Almost all GPs receive first dose as mass vaccination centres open

HSE expects all GPs and practice nurses to have received both doses by end of February

Almost all GPs in the State have now received their first Covid-19 vaccine dose after some 1,800 primary care staff were vaccinated on Saturday.

GPs and nurse practice managers were vaccinated in centres in St Mary's Hospital in the Phoenix Park, Dublin, in Portlaoise and in Galway with the recently arrived Moderna vaccine.

Approximately 1,000 medical staff were vaccinated at tents erected by the National Ambulance Service and the army in the grounds of St Mary’s Hospital in Dublin.

The HSE's national director for quality improvement Dr Philip Crowley said he anticipated that all 3,600 GPs and nurse managers in the State will have received both vaccine doses by the end of next month.


He also said the decision by Pfizer-BioNTech to limit supplies of its vaccines to European countries - to allow it increase production - would not adversely affect the rollout of the vaccine in Ireland.

“My understanding is that we will be able to weather this. It is going to be less impactful than it initially appeared. We can spread the existing vaccine out so we can make sure that anybody who receives the first dose receives the second dose.”

Once all GPs have been vaccinated they will be able to administer vaccines to the general population. This should happen once the Oxford/AstraZeneca vaccine is rolled out, Dr Crowley said.

Dr Crowley, who is also a practicing GP, said it had been a “fantastic” day for GPs and nurse managers who received the vaccine. He said there were no reports of any side effects to date.

“People are so delighted to get the vaccine, so relieved that they can go back into their practices and feel a little more confident and a little bit safer so they can provide the care that people need,” he said.

Some GPs, who have already been vaccinated, gave the vaccine to other GPs in St Mary’s Hospital.

Approximately half the GPs in the country had received the vaccine either in a nursing home setting or in a hospital prior to today.

“We will be getting more Moderna to try and mop up other primary care staff. We will energetically be vaccinating everybody in nursing homes and all their staff in parallel,” Dr Crowley said.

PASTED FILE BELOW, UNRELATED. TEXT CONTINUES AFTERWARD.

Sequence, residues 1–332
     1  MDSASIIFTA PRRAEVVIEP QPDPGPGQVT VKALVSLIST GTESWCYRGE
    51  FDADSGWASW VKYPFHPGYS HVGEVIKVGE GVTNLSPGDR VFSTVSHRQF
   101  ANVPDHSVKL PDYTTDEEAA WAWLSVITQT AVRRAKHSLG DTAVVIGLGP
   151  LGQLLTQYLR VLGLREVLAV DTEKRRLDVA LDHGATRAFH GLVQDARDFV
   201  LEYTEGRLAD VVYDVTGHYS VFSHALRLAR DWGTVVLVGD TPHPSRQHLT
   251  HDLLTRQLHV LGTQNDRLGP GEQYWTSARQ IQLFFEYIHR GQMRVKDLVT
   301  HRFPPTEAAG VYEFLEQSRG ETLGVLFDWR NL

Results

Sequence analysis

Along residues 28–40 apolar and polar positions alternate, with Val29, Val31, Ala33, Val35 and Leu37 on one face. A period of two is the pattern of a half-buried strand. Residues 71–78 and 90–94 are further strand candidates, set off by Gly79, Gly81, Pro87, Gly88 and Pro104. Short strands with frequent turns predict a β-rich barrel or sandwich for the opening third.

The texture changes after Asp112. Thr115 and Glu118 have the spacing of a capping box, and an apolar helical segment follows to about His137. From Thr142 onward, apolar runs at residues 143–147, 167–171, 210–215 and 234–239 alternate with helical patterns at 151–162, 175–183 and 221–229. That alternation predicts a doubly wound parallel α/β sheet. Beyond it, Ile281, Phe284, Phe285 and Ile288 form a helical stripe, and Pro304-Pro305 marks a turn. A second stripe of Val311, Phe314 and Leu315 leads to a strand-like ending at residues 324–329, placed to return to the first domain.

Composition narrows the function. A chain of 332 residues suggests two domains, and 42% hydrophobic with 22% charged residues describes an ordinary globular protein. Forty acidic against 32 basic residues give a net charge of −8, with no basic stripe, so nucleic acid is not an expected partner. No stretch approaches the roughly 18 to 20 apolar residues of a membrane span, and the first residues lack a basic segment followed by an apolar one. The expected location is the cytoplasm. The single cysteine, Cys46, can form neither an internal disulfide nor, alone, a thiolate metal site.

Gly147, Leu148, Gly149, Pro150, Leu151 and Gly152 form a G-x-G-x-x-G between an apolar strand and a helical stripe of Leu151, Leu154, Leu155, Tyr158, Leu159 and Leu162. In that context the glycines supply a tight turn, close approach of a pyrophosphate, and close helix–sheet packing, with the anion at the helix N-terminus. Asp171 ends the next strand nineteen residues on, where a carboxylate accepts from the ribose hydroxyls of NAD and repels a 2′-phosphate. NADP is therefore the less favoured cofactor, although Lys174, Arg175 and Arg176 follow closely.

“We hope to be getting more of this Moderna vaccine in two to three weeks time.”

Dr Amy Morgan, a GP based in Co Louth, described receiving the vaccine as a "huge relief".

Dr Morgan said GPs lived in fear not only contracting Covid-19 from a patient, but also having to self-isolate if they come into contact outside their surgeries with somebody with the virus.

“We are still seeing patients on a daily basis. It should give us that confidence to keep general practice going. Crucially when the vaccine is rolled out to the general population, we will be ready,” she said.

“Louth has stubbornly high levels of Covid. While we endeavour to keep our practices as safe as possible, community transmission is so widespread and there are still things that we don’t know about this virus. The theoretical risk is still there. We would be the first port of call for people in the community who need medical assistance about Covid.”

Dublin-based GP Dr Maitiú Ó Tuathail said many doctors were getting calls up to midnight on Friday inviting them for vaccination.

“It is impressive what the HSE has done.” They called almost every GP in the country to offer appointments and “have pulled off a very large logistical feat today.”

Dublin-based GP Muhammad Ghaffar was among those who received a vaccine at the centre in the city’s Phoenix Park.

He said it was a straightforward process. “A time was allocated so I went there and registered myself, they checked my verification and I went in, within the next five minutes I got the vaccination and then I was in the observation for 15 minutes,” he said.

“It was friendly and I was happy with it.” The doctor said he was relieved to have had the jab. “Hopefully it will work,” he said.

“The reason and rationale for getting it is because we get exposed to a lot of patients so we don’t know who has the Covid and who doesn’t, so it’s a relief now.” He added: “Once all the general public get it, it will be more relief, because then we’ll be able to freely move around and get in contact with people again.”

Shannon Fagan, a social care worker in residential services, also got vaccinated at the Phoenix Park today.

She found out on Friday evening that she had a slot for a jab on Saturday afternoon. “It was quick and easy . a nice process”. She said the vaccination offered the prospect of more freedom and “light at the end of the tunnel”.

“It means freedom I suppose, not having an anxiety about seeing family and friends, feeling that little bit more protected,” she said. “It’s just peace of mind really.” - Additional reporting PA

Ronan McGreevy

Ronan McGreevy

Ronan McGreevy is a news reporter with The Irish Times